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Encounter, 8×16, acrylic on wood

Mary, as in “Blessed Virgin,” never meant all that much to me.  I hung around Catholic circles most of my life and saw her pious, blue-eyed face plastered in various corridors of my life– a statue at my grandmothers house, prayer cards slipped into my purse or pocket, jewelry, my mother’s rosary. I knew people with what seemed sincere and consuming devotions to her.  I was interested in her (mostly because she was a woman in a church where men seemed most prominently on display), but I never felt connected to her.  That was until we shared a moment over two years ago.

I was a newlywed hoping to start a family, and getting pregnant was easy.  I’ll never forget the faint blue plus sign on the pregnancy test and the eager excitement with which I, completely unable to wait for him to come home, called my husband. I’ll also never forget the emergency room.  The doctor who made jokes while I cried after he diagnosed me with an ectopic pregnancy.  No heartbeat. Fallopian tube. I had to wait three months to “try again” a phrase that felt cruel and insensitive as it rolled off the tongues of both friends and strangers. Getting pregnant the second time was also easy.  Twins. Two hearts beating and, this time, from the security of my uterus.  They sat me in a large leather chair in the “bad news room” of my doctor’s office when they told me I’d miscarried, that the ultrasound no longer showed heartbeats.  They were gone.

Three.  I’d lost three children in a matter of months. My anger consumed me; I couldn’t look at pregnant women without resentment, which is putting it lightly.  Hatred might be a more appropriate description.  I was teaching high school art at the time, and the mostly female faculty seemed just to be taking turns getting pregnant.  And their pregnancies always seemed to lead to births.  Weeks later a baby would appear at school in a carrier, and we’d gather round making faces at a tiny sleeping face.

I was not okay and didn’t know what to do with my anger and my grief.  One night after a particularly rough batch of parent-teacher conferences and run-ins with mothers and mothers-to-be, I found myself crying to my steering wheel, not really wanting to go home but not knowing where else to go.  That’s when a little inner voice said, “Go to the adoration chapel at St. Dominic. I have something to show you.”  I promptly responded to the voice with a resounding “No.”   I was tired, eager to go home and wrap myself up in grief and netflix.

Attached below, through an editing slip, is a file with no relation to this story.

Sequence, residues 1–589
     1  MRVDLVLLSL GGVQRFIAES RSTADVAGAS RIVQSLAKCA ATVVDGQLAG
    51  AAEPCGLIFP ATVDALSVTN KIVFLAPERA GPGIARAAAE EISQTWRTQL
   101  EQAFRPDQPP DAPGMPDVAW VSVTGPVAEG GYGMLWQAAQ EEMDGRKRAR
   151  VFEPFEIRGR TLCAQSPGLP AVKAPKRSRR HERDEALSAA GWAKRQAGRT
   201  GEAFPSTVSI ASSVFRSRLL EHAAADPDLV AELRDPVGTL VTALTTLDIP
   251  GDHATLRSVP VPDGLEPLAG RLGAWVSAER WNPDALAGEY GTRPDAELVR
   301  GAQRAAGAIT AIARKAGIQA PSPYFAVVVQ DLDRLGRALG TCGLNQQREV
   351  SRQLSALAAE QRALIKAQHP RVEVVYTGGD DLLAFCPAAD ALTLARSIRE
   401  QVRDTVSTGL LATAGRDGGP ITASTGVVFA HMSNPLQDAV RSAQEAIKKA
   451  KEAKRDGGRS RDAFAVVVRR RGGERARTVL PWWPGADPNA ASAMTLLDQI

But the voice persisted, and I decided to go just to prove it wrong, to prove that there would be nothing for me to see.  I was sure it would “just be” the eucharist and I’d seen that before.  The God I believed in was an old dog, no new tricks.

I walked in the chapel to find the Eucharist.  And something else–a tiny statue of Mary on a little platform in front of the altar.  This wasn’t a “regular” Mary.  This Mary happened to be pregnant. The image overwhelmed me and before I could sit down, I was engulfed in tears, certain I would hear Mary tell me that I was going to one day be a mother.  She didn’t.

“Do you hate me, too?” I heard her whisper in my heart.  “Yes,” I answered.  “No,” I recounted.  What followed in our heart-to-heart conversation was something like this:

Mary:  “Don’t think I don’t know what it’s like to lose my child.”

Me:  “Oh.”

In my mind I saw not the ever-pious, expressionless Mary, but a Mary grieving the loss of her son.  A Mary whose son slipped away from her and there was nothing she could do to stop it.  A Mary holding a corpse.

Mary:  Resurrection follows suffering.  There will be resurrection in your life.  It doesn’t make the grief any less or even good.  But resurrection does come.  Have faith in that.  I’m not promising you a baby.  I’m promising you resurrection.

The statue’s slender hand was placed gently against her enlarged belly.  Hope.  Potential.  But also unimaginable pain.  Salvation, hope, joy out of death, decay, anguish.

Me:  So this, even this, will bring forth new life?  God will use this suffering for good?  He can?  He will?

Mary:  Yes.

It’s been over two years since Mary and I spoke that day, and my life is radically different.  I, like Mary, have a son.  He’s approaching two.  The husband who had been so supportive during my pregnancy losses vanished at the birth of our son.  He’d been battling demons I never knew of, and, right now, I think they are winning.  I never thought I’d be a single parent.  I thought my troubles were over when I had a perfect pregnancy that lead to a beautiful boy resting in my arms.  I can’t imagine what I would have done those two years ago if I’d known the suffering that was to come.  In that moment, I could have imagined nothing worse.

I try to remember pregnant Mary when I pray. When I suffer.  When I feel alone.  She reminds me that good can come, yes, even of this.  And she continually promises me resurrection from the fertile ground of pain.

I can’t see what’s coming, and I don’t know what this resurrection will look like.  I do know that I’m pursuing my dream of becoming an artist, something I never would have done before my marriage ended.  I’m also eager to help women suffering from the loss of their children or marriage.  And, above all, I believe again in a God who makes all things new.  Who rises from the dead.

This painting is based loosely on an image of my son and me but my interest in it was not as a portrait but as a reflection on motherhood and the simultaneous pain and beauty that accompany it.

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